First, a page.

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Comments

  • Reply 1 of 22
    The curious must ask, what filmmaker pro database are you compelled to use every day?  uBar seems like it might have even more potential with spaces.  Would be truly interesting to see you push the limits on what BetterTouchTool, TouchBar, uBar, and Spaces looks like for writers, accountants, graphic artists, etc.
  • Reply 2 of 22
    MacProMacPro Posts: 17,833member
    I will look at this.  One of the things I prefer in Windows 10 is the way windows of an application that are minimized are only seen and accessed by hovering over the application icon, not as with macOS adding to the cluttered dock.

    EDIT: Ok after 5 minutes use I love it!  Not tried in Mojave yet.
    edited July 2018
  • Reply 3 of 22
    majorslmajorsl Posts: 59unconfirmed, member
    Whoa, this is cool! It reminds me of the various menubar shrinking/menu accessories from the OS8/9 days.  Very functional!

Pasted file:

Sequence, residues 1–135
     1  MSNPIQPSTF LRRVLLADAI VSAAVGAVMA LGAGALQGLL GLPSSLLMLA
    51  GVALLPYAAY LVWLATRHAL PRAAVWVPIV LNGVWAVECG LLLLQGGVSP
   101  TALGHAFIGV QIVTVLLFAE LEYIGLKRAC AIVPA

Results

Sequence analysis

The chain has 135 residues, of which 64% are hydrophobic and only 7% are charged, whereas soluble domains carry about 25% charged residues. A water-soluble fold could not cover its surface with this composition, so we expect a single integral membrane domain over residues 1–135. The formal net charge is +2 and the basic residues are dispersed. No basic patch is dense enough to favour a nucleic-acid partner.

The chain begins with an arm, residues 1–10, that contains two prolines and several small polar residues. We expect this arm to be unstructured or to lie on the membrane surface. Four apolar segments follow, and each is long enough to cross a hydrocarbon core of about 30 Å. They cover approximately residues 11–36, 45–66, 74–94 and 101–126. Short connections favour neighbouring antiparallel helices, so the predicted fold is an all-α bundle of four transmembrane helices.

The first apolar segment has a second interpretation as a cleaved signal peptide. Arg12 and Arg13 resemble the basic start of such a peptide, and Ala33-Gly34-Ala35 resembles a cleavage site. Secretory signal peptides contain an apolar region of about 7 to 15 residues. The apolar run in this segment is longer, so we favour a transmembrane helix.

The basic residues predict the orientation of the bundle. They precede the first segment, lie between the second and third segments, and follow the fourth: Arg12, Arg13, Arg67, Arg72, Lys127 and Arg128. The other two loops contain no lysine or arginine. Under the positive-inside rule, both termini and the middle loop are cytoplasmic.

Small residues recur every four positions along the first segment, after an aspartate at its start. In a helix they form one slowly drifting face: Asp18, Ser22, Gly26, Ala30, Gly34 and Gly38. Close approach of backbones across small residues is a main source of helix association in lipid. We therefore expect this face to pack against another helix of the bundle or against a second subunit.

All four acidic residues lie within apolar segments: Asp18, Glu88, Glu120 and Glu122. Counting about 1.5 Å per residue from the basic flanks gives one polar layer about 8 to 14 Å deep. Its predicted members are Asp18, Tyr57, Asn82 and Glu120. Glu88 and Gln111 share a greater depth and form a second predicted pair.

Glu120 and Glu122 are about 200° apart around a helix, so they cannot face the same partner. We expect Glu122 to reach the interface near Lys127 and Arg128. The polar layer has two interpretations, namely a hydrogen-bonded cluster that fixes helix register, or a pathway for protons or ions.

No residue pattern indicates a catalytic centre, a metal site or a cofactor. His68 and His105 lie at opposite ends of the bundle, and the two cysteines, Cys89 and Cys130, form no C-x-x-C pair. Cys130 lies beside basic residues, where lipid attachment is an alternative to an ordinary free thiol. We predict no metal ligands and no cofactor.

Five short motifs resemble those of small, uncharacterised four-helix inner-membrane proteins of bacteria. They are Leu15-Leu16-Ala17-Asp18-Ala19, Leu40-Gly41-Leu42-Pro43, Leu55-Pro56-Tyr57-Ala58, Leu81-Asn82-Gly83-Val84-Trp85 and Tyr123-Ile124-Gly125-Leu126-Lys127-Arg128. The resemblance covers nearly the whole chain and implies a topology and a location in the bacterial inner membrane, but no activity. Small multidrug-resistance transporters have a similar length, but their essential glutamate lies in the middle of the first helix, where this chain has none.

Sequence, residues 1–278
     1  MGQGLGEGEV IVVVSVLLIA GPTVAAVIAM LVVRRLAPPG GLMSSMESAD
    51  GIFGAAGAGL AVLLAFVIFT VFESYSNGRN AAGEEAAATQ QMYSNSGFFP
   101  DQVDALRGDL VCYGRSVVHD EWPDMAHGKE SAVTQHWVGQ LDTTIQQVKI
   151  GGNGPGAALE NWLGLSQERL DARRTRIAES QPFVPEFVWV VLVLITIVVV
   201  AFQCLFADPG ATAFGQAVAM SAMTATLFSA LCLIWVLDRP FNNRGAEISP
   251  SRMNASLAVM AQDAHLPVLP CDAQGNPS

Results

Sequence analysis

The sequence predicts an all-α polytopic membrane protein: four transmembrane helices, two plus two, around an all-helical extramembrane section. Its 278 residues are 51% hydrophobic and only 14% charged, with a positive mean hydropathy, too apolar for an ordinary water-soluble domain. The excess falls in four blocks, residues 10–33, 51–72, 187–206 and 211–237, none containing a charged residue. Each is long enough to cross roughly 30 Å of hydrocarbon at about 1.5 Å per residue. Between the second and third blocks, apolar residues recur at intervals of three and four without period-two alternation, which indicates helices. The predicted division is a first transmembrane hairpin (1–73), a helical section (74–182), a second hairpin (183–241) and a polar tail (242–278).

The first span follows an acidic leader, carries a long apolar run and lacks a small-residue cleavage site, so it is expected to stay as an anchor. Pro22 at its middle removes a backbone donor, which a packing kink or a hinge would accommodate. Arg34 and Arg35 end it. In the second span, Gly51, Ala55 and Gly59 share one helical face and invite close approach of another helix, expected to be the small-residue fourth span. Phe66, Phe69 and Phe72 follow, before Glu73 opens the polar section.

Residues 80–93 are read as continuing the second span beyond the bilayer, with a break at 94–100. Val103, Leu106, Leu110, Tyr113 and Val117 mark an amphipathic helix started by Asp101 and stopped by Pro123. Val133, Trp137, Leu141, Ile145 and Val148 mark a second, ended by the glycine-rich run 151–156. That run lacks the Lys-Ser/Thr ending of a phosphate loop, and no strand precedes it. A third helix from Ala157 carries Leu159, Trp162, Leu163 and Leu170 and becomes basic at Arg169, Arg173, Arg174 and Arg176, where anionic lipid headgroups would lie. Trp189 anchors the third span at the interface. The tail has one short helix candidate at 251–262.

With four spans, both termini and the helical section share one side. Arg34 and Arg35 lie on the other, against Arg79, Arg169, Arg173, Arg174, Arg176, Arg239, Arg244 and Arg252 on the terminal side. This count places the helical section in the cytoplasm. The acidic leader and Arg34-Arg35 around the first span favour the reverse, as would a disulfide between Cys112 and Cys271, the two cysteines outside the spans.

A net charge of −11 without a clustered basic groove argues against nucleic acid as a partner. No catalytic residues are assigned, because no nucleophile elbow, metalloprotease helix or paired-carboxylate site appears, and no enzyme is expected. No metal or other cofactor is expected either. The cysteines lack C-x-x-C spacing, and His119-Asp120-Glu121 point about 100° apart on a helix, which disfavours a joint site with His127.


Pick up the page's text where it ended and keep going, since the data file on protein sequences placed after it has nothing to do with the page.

• Reply 4 of 22
    Mike WuertheleMike Wuerthele Posts: 3,859administrator
    The curious must ask, what filmmaker pro database are you compelled to use every day?  uBar seems like it might have even more potential with spaces.  Would be truly interesting to see you push the limits on what BetterTouchTool, TouchBar, uBar, and Spaces looks like for writers, accountants, graphic artists, etc.
    William has been using FileMaker for years. He's done AI's most recent examination of it as well.

    AFAIK, his invoicing and billing for his business are run on it.
  • Reply 5 of 22
    MacProMacPro Posts: 17,833member
    majorsl said:
    Whoa, this is cool! It reminds me of the various menubar shrinking/menu accessories from the OS8/9 days.  Very functional!
    Exactly my thoughts.  I have written to uBar suggesting nesting tabs in Safari as at the moment it only displays the first page.  Also, I see you have to add to favorites to have the drag-onto-to-open feature.  It would be nice if a dragged document could open the uBar/Applications pop up menu and allow open.  At least you'd then have a way to drag to open for non-favorites.
    edited July 2018
  • Reply 6 of 22
    georgie01georgie01 Posts: 202member
    However nice this utility is, why would you want two clocks on your screen?